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KARE 11 Investigates: Legal loophole puts used car buyers at risk

Skyrocketing used car prices – and a gaping legal loophole in Minnesota law – lets potentially dangerous rebuilt wrecks be sold with hidden histories.

MINNEAPOLIS — If you’re shopping for a used car this year, experts say a loophole in Minnesota law could put you – and your family – in danger.

“I was risking my own life every time I got into my car,” Marissa Cartwright told KARE 11.

Four years ago, KARE 11 revealed how thousands of Minnesotans – like Marissa – were driving cars with hidden histories.

Their cars turned out to be rebuilt wrecks.

Even though they had been totaled, smashed or flooded, they had clean titles in Minnesota – hiding their true histories.

“If she would have been in an accident she could have very easily been killed,” Marissa’s father told us.

Credit: KARE 11
Marissa Cartwright didn't know she was driving a rebuilt wreck without airbags.

Why?  Because even though the title didn’t show it, he discovered the used car he bought for his daughter had been rebuilt after a serious accident.

The airbags were never replaced.

“It shows that it is a clear title,” he said, pointing to the official Minnesota title the family had received. “If something would have happened, I don’t know if I could have forgiven myself.”

A KARE 11 Investigation in 2017 revealed how the car’s true history was hidden because of a loophole in Minnesota law. It says that cars six years old or older – or worth $9,000 or less – can get clear titles even if they have been "totaled" by insurance companies.

Still happening 

KARE 11 documented how it’s still happening.

We checked recent wrecks for sale on an online auto auction – and found dozens of recent examples of badly damaged cars with clear Minnesota titles.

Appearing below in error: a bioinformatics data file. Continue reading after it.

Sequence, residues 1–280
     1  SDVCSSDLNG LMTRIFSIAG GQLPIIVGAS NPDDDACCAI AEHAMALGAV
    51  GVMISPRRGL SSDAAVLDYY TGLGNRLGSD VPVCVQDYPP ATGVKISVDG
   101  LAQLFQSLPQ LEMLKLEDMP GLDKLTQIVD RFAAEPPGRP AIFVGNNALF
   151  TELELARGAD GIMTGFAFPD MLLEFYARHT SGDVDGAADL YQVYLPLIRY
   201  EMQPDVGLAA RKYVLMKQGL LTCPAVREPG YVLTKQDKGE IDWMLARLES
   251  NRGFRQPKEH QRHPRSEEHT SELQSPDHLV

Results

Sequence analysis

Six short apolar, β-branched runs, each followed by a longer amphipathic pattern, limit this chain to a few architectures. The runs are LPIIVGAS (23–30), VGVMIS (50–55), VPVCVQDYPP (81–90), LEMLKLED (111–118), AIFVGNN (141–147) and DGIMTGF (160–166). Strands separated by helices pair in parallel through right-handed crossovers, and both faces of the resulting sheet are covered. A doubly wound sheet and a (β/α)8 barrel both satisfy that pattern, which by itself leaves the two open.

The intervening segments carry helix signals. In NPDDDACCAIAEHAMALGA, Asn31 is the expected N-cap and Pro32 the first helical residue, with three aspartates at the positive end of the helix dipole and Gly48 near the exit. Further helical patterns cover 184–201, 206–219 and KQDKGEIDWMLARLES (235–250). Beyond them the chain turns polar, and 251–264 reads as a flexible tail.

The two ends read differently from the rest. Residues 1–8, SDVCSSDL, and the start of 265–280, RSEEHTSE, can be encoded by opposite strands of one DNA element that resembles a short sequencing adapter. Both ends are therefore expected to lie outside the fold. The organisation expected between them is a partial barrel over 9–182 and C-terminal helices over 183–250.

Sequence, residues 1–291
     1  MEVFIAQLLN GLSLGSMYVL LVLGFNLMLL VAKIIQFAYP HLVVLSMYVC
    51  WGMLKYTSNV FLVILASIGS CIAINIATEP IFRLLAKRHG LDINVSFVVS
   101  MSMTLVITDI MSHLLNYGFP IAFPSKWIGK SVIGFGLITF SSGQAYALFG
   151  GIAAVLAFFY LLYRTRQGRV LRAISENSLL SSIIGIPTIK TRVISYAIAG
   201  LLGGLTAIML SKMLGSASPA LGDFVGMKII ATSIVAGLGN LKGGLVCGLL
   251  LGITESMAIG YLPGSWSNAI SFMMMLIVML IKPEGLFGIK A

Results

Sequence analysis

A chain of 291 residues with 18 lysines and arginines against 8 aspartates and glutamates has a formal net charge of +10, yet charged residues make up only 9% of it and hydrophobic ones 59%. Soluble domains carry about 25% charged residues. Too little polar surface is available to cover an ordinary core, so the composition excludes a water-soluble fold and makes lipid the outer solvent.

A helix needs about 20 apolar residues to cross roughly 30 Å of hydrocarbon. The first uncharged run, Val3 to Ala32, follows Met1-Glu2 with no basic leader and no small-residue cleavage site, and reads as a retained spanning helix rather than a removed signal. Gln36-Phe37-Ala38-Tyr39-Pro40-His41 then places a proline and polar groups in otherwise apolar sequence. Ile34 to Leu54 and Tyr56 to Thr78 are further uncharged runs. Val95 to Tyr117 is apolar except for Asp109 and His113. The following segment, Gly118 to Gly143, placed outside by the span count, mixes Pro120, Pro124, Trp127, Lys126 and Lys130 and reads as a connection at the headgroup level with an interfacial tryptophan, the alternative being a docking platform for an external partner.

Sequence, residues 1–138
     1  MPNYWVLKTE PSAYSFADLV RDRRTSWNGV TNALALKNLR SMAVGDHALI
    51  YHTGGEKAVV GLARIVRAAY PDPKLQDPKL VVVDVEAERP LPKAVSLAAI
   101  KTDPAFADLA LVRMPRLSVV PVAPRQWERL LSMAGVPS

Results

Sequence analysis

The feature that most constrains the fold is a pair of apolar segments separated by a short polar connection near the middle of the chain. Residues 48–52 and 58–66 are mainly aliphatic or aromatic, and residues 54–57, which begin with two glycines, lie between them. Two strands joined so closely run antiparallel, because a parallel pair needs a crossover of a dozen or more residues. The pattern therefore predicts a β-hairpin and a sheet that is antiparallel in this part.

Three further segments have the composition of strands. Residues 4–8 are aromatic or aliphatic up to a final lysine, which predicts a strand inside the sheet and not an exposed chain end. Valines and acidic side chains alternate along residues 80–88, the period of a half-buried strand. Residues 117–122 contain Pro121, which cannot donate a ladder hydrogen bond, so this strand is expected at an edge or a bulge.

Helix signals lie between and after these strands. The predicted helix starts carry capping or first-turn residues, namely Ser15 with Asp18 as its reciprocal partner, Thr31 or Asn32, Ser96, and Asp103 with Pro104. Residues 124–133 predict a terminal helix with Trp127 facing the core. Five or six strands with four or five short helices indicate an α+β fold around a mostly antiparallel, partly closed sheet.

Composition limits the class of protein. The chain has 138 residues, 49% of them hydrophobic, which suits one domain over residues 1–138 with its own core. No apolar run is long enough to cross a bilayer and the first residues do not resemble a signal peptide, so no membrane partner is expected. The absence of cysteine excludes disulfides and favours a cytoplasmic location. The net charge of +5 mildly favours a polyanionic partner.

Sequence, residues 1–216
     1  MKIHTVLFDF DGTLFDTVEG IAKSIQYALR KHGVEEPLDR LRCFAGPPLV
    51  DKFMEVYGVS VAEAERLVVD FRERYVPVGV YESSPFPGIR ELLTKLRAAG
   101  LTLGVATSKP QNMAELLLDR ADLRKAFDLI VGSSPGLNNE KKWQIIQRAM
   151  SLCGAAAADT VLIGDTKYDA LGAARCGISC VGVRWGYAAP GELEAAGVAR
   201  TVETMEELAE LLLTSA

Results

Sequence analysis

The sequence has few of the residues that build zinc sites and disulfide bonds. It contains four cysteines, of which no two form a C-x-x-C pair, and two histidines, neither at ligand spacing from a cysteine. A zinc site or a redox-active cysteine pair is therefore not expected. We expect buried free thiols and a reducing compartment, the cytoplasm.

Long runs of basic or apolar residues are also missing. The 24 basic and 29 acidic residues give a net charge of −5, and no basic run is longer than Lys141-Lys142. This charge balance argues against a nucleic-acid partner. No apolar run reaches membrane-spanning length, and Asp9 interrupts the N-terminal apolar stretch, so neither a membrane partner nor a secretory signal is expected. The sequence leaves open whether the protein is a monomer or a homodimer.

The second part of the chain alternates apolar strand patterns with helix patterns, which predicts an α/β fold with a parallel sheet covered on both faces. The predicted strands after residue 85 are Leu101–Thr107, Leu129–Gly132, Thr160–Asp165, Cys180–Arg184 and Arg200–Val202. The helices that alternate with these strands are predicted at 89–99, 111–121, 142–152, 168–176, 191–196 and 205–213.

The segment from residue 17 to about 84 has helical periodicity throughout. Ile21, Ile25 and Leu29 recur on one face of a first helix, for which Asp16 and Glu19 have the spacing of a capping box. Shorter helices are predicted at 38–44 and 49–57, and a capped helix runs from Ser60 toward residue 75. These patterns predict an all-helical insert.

Credit: KARE 11
KARE 11 found 'totaled' cars advertised with "clear" titles on an auto auction website,

Here are some examples:

  • a Chrysler 200, totaled, but with a clear Minnesota title.
  • a Ford Fiesta, totaled, but with clear Minnesota title.
  • a VW Passat, totaled, but with a clear Minnesota title.

Online photos show each of them had serious front-end damage. None were listed as drivable.

What’s more, the airbags had been deployed.

Just like Marissa’s car, they could be rebuilt and resold with clean titles – hiding their history – even if the airbags were never replaced.

Salvage car magnet?

Thanks to Minnesota’s loophole, there’s evidence that Minnesota has become a Mecca for rebuilt wrecks.

“In Minnesota we see about a quarter of a million cars on the road with a branded salvage title – that’s in its history or currently right now,” said Emilie Voss of CARFAX, a private company that tracks cars totaled by insurance companies – whether the official state title shows it or not.

She says the Twin Cities ranks 12th highest in the country for salvage cars – and 9th highest for flood cars.

Credit: KARE 11
The Twin Cities ranks 12th highest in the nation for salvage cars, according to CARFAX data.

Although it’s often less visible, water damage can eventually trigger short circuits in modern auto electronic systems.

“These cars are literally rotting from the inside out,” Voss explained. “It can cause electrical issues. There can be mold issues. There’s a long list of things that can be caused by a vehicle that has a waterlogged history.”

She says rebuilders often clean up flood cars after hurricanes and move them to states where flooding is less common – and where buyers are less likely to be alert to the dangers.

Incentive to rebuild

Experts say soaring used car prices add to the financial incentive to rebuild wrecked cars – especially if the damage history can be hidden with the help of a clear title.

At KARE 11’s request, CARFAX crunched data for median used car prices in March this year and compared them to prices the same month one year ago.